Is The Internet The New Newspaper?
Everyone by now is aware of the narrative that the internet will/has killed the newspaper business, but what about social media and texting killing the internet?
Recently, Clique Media Group, the LA publisher of Who What Wear, Birdie and My Domaine, launched its latest property, Obsessee.
The curious feature about this new product? No real website, instead Obsessee boasts a simple landing page with 10 links each directing you to one of its social media platforms. The reasoning behind this curious move? “Gen Z are not [visiting] dot coms,” explained Katherine Power, co-founder and chief executive of Clique Media Group.
“Obsessee’s team of four dedicates its time to posting stories, videos and images directly to social platforms…While the distribution model may be fairly unique, so is the content. Along with fashion, beauty, home and shopping — Clique’s usual subject matter — there is a broader lifestyle focus.” (via BoF)
The reality of modern day marketing is that the consumers want everything at their convenience. The consumer doesn’t want to hunt for their information, they want it now and where they are, which increasingly is social media.
On any given day I’ll read a variety of articles pertaining to tech and fashion, but I’m not stumbling upon them from the companies website, I’m getting there from Twitter. Even the most die hard fan of any website isn’t spending the majority of their time there. In order to reach the widest audience companies have to be where they are. It use to be that people sought out newspapers, then people sought out websites, but now it is becoming about news seeking you out.
Facebook during its recent F8 conference announced the launch of messenger with a curious new service attached, chatbots. The new quirk in messenger allows for consumers to instantly get a variety of information, and services, by merely texting a particular company.
Chatbots function based off of prompts entered from the user and deliver content based off the suggestion. For instance, CNN’s bot will prompt you for keywords to deliver content specific to that keyword.
“Instead of wandering around an app, a chatbot could ask your criteria and surface relevant things to buy. Rather than sifting through tons of content on a news site, a chatbot could learn what you like and deliver personal digests and suggestions.” (via TechCrunch) Everything is going custom. Previously content was put out on the widest of scales and the consumer was left to funnel through, but now this is changing. Your actions and interests will dictate what you see, it’s the haute couture version of everything tailored with you in mind.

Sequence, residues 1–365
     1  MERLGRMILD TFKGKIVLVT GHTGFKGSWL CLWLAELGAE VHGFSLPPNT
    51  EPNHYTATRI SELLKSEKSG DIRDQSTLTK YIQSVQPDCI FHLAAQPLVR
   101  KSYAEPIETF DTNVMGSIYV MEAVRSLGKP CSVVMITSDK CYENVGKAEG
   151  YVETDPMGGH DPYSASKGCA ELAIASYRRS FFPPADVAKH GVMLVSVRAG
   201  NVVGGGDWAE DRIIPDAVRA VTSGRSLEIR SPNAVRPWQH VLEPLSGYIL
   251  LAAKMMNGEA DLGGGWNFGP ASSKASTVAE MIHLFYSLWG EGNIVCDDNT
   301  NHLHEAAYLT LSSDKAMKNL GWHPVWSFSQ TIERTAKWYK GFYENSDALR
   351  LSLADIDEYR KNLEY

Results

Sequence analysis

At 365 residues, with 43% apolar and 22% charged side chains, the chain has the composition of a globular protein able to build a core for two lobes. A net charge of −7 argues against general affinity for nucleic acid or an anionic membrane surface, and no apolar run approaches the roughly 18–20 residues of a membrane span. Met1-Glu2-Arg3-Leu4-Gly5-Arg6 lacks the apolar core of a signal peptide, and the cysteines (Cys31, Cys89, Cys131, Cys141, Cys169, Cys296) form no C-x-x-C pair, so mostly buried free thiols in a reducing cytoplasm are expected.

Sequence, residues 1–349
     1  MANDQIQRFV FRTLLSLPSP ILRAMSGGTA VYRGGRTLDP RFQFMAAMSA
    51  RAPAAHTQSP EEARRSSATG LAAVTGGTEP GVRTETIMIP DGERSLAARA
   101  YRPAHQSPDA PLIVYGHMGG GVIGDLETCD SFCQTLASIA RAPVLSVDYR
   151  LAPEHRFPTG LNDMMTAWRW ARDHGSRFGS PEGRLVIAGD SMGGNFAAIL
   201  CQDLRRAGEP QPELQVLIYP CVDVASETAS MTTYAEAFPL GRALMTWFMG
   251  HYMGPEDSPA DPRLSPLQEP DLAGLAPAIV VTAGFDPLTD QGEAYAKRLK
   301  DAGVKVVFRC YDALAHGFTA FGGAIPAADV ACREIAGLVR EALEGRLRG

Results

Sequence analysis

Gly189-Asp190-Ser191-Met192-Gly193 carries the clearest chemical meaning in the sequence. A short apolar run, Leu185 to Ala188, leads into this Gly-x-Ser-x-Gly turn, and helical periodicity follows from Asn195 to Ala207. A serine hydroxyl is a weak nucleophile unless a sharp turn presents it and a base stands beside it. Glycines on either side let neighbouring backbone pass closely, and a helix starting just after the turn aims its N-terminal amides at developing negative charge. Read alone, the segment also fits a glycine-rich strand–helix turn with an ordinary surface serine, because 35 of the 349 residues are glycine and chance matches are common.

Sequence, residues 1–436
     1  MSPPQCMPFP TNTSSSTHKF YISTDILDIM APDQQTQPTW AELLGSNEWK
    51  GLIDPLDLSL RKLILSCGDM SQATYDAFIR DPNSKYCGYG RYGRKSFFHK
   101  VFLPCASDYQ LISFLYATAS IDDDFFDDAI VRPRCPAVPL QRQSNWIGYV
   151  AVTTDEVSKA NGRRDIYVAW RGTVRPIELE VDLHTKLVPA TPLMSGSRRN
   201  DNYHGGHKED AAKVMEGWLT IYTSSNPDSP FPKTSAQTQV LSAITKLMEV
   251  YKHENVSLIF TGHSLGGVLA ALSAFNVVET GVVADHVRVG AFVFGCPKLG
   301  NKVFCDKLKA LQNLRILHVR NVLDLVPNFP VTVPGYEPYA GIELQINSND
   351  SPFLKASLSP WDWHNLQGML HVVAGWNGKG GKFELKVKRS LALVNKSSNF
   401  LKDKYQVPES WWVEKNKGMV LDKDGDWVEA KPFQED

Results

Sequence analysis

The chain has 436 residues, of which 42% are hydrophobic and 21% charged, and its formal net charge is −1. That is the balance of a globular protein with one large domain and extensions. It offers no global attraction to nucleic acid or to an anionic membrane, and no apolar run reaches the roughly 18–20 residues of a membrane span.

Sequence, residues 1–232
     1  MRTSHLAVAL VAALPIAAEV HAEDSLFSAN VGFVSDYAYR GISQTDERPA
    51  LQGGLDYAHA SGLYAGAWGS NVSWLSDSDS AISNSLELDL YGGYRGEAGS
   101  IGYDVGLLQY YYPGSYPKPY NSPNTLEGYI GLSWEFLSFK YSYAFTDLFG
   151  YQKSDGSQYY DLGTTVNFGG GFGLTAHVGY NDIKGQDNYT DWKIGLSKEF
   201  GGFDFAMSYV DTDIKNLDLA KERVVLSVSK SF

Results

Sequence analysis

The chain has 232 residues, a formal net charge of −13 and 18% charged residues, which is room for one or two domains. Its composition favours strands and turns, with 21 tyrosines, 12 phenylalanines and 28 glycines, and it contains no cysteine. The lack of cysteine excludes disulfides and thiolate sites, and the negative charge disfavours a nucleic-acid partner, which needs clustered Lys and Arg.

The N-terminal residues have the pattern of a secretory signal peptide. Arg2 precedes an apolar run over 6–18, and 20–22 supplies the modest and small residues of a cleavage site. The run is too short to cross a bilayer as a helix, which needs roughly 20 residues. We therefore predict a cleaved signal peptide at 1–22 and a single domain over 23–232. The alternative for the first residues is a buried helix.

So what happens to the mobile website when any and everything is easily accessible through chatting or social media?
The New Age of Content
A social-media only publication, like Obsessee, is likely the future of media. Buzzfeed has recently stumbled upon shaky ground due to missed revenue projections, which are a response to the “steadily declining commodity value of traffic,” explained Michael Wolff, a veteran media columnist. Websites, and the subsequent value generated through ads, aren’t what they used to be. Consumers aren’t actively scouring the internet to get their news, instead it is being dropped off — much like newspapers use to be — to their phones via social media, and more than likely soon chatbots.
The case for social media, and services like chatbots, has never been stronger. The beginning of the next dramatic change in media could be happening now. In 5 years, you could receive one text in the morning that provides any and everything you could potentially want. One link talking about how your favorite NFL team just traded for a new star, one link about a fashion company taking strides to be more ethical, since you are environmentally conscious and a fan of the brand, while yet another link leads you to a sale of an item you previously searched for from Nordstrom. It will be clinically precise in how well the content will correlate with you and your interests. No more hunting, no searching, just any and everything you could want delivered to you on demand, possibly even before you know you want it.
What do you think, what value does the homepage, and possibly the internet at large, hold as content becomes more localized? Will chatbots and social media spell the eventual end of the internet as we know it — would love to hear your thoughts.